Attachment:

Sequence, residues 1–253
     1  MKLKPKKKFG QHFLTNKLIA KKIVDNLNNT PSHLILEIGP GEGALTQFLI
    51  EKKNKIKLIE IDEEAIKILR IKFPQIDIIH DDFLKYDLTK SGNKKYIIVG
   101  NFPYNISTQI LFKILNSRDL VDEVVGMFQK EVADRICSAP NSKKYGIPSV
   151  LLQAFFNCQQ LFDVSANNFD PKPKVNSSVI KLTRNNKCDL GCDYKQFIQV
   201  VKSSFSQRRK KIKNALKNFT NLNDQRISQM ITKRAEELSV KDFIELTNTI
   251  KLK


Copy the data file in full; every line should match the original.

Sequence, residues 1–253
     1  MKLKPKKKFG QHFLTNKLIA KKIVDNLNNT PSHLILEIGP GEGALTQFLI
    51  EKKNKIKLIE IDEEAIKILR IKFPQIDIIH DDFLKYDLTK SGNKKYIIVG
   101  NFPYNISTQI LFKILNSRDL VDEVVGMFQK EVADRICSAP NSKKYGIPSV
   151  LLQAFFNCQQ LFDVSANNFD PKPKVNSSVI KLTRNNKCDL GCDYKQFIQV
   201  VKSSFSQRRK KIKNALKNFT NLNDQRISQM ITKRAEELSV KDFIELTNTI
   251  KLK